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Scheduling posts: the do’s and don’t’s

Why bother scheduling?

Making sure that all of your social media posts are prepared and ready to go ahead of time, and that they are filled with wonderful, engaging and brilliant content is paramount to the success of your social media accounts. By the end of this blog post, we’re hoping to have convinced you how and why to schedule posts, and what’s really in it for you…

Tools to use

There are dozens of social media platforms you can use to make sure that you can regulate, organise and respond to everything that comes in. Sites like Hootsuite and the scheduling feature on Facebook are free to use, whereas websites like Sprout Social require membership fees, but offer more usability for those that rely heavily on social media for their business.

Whichever platform you choose to use will depend on your needs and what you’re hoping to get out of them- shop around and see which one you like the feel of best.

Do:

Schedule ahead of time

Don’t leave it until the last minute- plan what you’re going to say ahead of time to make sure that all your content is fresh and on topic. Rushed posts and content are often obvious, invest time and consideration into what goes up and take your time with it.

Schedule for more than once a day

Don’t be a one post wonder! If you continue to engage your customers throughout the day, you’ll be making it worth their while to continue to follow you. A continuous flow of interesting posts will be an incentive to keep people visiting your page or reading your tweets and increases your chances of appearing in more newsfeeds.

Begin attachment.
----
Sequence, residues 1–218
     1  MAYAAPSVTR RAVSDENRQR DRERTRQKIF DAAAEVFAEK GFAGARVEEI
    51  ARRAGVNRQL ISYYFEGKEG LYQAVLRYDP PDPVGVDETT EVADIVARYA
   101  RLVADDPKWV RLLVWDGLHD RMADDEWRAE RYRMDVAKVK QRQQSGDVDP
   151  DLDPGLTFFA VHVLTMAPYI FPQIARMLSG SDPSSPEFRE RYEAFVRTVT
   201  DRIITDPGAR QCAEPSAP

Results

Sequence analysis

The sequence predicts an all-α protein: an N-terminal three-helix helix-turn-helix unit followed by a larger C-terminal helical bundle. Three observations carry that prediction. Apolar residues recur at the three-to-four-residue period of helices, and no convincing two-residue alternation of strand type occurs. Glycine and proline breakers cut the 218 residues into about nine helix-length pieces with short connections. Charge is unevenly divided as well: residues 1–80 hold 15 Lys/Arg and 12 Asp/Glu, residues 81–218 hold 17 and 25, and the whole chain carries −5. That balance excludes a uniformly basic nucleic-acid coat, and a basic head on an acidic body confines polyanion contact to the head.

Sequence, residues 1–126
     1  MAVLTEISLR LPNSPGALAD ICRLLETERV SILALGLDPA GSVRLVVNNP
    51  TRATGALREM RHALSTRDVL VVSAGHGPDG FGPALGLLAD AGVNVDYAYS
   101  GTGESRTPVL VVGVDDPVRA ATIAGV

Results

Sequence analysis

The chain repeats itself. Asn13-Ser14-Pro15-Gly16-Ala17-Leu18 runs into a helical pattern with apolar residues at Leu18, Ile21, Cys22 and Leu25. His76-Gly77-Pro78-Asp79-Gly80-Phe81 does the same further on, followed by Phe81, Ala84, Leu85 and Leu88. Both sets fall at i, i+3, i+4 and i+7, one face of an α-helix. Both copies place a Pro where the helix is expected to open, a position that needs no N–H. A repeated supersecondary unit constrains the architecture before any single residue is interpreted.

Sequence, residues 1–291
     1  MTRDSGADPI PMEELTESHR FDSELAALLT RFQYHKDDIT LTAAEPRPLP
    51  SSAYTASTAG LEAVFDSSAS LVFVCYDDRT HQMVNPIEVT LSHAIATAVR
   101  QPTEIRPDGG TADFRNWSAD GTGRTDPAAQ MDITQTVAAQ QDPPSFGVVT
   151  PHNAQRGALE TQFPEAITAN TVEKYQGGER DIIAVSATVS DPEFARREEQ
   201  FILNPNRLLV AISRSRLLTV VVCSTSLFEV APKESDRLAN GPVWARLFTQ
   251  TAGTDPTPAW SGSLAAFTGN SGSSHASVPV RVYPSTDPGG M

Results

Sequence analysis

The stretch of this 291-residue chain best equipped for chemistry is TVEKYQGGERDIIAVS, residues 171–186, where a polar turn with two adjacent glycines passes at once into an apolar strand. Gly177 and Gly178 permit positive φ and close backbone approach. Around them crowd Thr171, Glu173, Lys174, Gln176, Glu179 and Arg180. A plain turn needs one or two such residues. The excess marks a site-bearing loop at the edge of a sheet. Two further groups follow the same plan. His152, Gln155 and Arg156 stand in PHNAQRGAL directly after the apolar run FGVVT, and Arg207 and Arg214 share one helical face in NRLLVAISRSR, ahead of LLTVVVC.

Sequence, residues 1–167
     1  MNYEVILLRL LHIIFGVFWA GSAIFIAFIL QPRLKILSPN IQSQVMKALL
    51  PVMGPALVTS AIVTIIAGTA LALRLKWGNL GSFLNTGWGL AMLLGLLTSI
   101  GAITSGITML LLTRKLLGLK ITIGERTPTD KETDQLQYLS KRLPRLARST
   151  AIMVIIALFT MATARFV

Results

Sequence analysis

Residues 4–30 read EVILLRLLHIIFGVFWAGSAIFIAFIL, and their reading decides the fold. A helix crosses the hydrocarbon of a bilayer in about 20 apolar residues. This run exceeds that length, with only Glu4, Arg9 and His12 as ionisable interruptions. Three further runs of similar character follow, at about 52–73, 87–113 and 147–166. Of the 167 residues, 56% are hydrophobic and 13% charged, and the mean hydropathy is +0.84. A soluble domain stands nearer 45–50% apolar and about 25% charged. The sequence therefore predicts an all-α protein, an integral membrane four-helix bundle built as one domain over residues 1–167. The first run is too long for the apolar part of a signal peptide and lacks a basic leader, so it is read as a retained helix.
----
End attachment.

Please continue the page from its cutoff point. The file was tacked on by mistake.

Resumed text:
Include links

Making sure that your posts are filled with lovely links are a great way to get more visits to you site, and also help you create really engaging content. If you’re using Twitter and only have 140 characters to use, social media tools like Hootsuite and Sprout Social have URL shorteners to help you fit everything in.

Draft your posts first

Avoid nasty spelling errors and faulty links by drafting out your posts before sending them live. Make sure all handles and names used are spelled correctly and that there are no embarrassing little errors which could come back to haunt you after you hit that ‘post’ button.

Don’t:

Don’t schedule the same post across multiple platforms

Each post on each site should be unique. Why would customers bother engaging with you on Facebook and Twitter when they’ll just come up against the same content? Make it worth their while to support you across all platforms by making sure each site offers something different but equally as interesting.

Avoid ignoring responses

Don’t be tempted to ignore customers who respond, be it negative or other otherwise- the whole point of making your company available on social media is to interact with customers and users, it’s all valuable interaction, so don’t miss out.

Don’t rely on automated tweets

When you rely too heavily on automated tweets, the quality of the things which are posted will be less human and you will ultimately fail to connect with those you’ve set out to interact with. Keep the posts human and interactive to give some character to your company.

See- scheduling posts and being more prepared than a boy scout is easy, and the rewards are multiple! Achieving a good, interactive relationship with your customers will pay dividends to your business and will make sure that your customers feel valued and loved, and that can never be a bad thing. Check out our blog post on social media to get some more ideas on how you can use it to your advantage.

Do you use social media for your business? Let us know how you handle all your content by leaving a comment in the box below!

Comments

TL
17 Dec 2015 10:59
scheduling is something I use a lot and very useful for checking typos before going live.

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